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Pueblo parolee charged with two murders avoids life in prison after striking plea deals in both cases

PUEBLO, Colo. (KRDO) - A Pueblo man, at the center of multiple KRDO13 Investigates reports for his release from prison on parole before being charged with two murders, has agreed to plead guilty to lesser charges in both cases.

Nicholas Tumblin, 33, was previously accused of shooting and killing 36-year-old Eric Trujillo on 3rd St. near downtown Pueblo in October, 2021. Then, while in the Pueblo County Jail on that charge, the Pueblo County Sheriff's office linked him to another murder in rural Pueblo County three months earlier in July, 2021. In that case, Tumblin was accused of shooting and killing Raymond Ray Jr. near Fowler over an alleged debt owed to Tumblin.

Nicholas Tumblin

After multiple years of hearings in both cases, Tumblin has agreed to plead guilty to manslaughter in Trujillo's case and guilty to 2nd-degree murder and 1st-degree kidnapping in Ray's case. In both cases, Tumblin's defense attorney's and prosectors for the 10th Judicial District Attorney's office have agreed to periods of prison time for each guilty charge.

According to the plea agreements obtained by KRDO13 Investigates, the 2nd-degree murder charge carries a 44-year prison sentence. The kidnapping charge carries a 16-year prison sentence, and the manslaughter charge carries an agreed upon six-year prison sentence. Tumblin has also pleaded guilty to a drug charge he picked up in jail, which will carry a ten-year prison sentence.

This means that although Tumblin avoids a life in prison without parole sentence, he will face 70 years in prison, if both plea agreements are accepted by Pueblo County District Judge William Alexander on April 11, Tumblin's sentencing hearing date.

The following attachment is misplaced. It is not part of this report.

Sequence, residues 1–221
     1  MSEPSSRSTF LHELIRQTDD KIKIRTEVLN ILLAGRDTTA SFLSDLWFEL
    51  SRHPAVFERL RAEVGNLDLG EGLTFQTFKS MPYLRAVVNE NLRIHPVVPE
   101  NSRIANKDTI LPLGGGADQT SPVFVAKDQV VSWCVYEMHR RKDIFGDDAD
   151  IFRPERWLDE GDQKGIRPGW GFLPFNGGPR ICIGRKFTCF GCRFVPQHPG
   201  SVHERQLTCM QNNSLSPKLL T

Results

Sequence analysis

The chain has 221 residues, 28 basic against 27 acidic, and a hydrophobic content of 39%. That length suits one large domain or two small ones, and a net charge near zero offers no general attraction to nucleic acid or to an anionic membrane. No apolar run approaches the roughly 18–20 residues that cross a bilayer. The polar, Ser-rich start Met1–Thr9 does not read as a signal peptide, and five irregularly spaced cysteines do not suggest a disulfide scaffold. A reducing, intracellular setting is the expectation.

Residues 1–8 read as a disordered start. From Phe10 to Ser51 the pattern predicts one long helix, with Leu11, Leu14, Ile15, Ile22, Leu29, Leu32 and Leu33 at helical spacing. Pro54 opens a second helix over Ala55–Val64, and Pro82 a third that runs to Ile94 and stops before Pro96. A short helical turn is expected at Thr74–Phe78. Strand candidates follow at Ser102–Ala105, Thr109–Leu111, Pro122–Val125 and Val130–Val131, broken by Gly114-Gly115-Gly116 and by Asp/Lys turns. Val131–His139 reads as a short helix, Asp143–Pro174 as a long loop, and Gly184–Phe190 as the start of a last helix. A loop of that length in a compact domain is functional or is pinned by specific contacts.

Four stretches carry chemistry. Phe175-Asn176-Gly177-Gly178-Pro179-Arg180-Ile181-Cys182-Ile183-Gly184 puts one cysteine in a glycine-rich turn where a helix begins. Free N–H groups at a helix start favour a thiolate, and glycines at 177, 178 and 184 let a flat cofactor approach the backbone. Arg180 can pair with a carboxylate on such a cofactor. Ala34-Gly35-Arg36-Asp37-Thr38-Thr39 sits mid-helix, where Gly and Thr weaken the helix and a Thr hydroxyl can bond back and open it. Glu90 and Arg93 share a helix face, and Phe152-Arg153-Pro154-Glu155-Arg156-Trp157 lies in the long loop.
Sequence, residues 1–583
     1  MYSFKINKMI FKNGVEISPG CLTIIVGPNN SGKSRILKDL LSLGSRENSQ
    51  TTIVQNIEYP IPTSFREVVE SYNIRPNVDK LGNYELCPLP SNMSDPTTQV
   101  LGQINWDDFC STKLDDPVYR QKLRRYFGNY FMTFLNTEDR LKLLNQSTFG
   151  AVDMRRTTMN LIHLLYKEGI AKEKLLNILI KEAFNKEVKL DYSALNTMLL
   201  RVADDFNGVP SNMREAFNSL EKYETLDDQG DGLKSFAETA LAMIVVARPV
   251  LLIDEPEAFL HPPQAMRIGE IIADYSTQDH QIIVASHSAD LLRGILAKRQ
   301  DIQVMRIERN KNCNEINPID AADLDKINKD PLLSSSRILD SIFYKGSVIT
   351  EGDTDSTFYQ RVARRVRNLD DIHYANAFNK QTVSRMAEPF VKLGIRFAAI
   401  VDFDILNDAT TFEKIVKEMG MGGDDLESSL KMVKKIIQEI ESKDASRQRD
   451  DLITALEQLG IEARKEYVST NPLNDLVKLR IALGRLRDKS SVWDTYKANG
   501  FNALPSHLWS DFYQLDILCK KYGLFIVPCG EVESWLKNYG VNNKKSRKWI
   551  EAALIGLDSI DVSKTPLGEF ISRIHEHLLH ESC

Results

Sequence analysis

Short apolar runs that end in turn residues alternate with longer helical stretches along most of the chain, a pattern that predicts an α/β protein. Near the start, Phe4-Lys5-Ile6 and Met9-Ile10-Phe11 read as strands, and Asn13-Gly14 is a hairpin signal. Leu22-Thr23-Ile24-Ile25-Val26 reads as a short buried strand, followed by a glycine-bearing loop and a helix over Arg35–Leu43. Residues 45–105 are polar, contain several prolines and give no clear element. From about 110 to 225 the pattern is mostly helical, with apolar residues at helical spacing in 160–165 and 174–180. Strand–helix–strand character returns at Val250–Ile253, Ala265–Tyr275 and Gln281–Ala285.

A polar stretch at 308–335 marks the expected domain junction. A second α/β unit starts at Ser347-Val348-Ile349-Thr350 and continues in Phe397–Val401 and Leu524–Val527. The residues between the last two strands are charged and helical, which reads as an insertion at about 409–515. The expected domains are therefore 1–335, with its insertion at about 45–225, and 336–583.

So why didn't the 10th Judicial District Attorney's office take either murder case to trial? It's a question we posed to the elected DA Jeff Chostner. However, his office said a gag order placed on the case has prohibited the prosecution or defense from speaking publicly on the case or "giving any opinion as to the evidence or the merits of the cases," Assistant DA Tony Marzavas said.

"If I were a betting man, there's a strong possibility that you're going to be convicted on one of those," Pueblo defense attorney Shawn Conti said of being charged with two murders.

Without either side being able to speak to strengths and weaknesses of the evidence in the case, it's impossible to know if their were struggles with getting witnesses to testify or served subpeonas in time for a trial. Those are just two possibilities Conti posed around why the DA's office would offer plea deals in Tumblin's cases.

"It's not like on the TV shows where everybody's excited to go and testify and go in the court. Most people are people without a criminal history, they don't want to set foot in that building," Conti said. "So if you yourself have a criminal history or you've ever had a negative experience with law enforcement, you're going to do everything possible to dodge service, to not have to go."

There is still a possibility Judge Alexander could not accept either plea agreement and say these case must go to trial. Although, according to Conti, that possibility is low.

"It's in essence a life sentence. Plea deals aren't always a bad thing. I think when most of the community members hear the word plea deal, they think that someone's getting away with something," Conti explained. "Sometimes a plea deal, it's not only a benefit for the defendant, it's often times a benefit for the government, for the the victim's family and for the community as a whole, because it could save the community the costs of going to trial."

Tumblin will be sentenced on April 11. If he is sentenced to 70 years in prison, he also have a mandatory period of 5 years on parole post his release. Additionally, Colorado law says someone convicted of a crime of violence must serve 75% of their sentence before being eligible for early release. This means Tumblin would be mandated to serve 52 and a half years before being parole eligible.

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Sean Rice

Sean is reporter with the 13 Investigates team. Learn more about him here.


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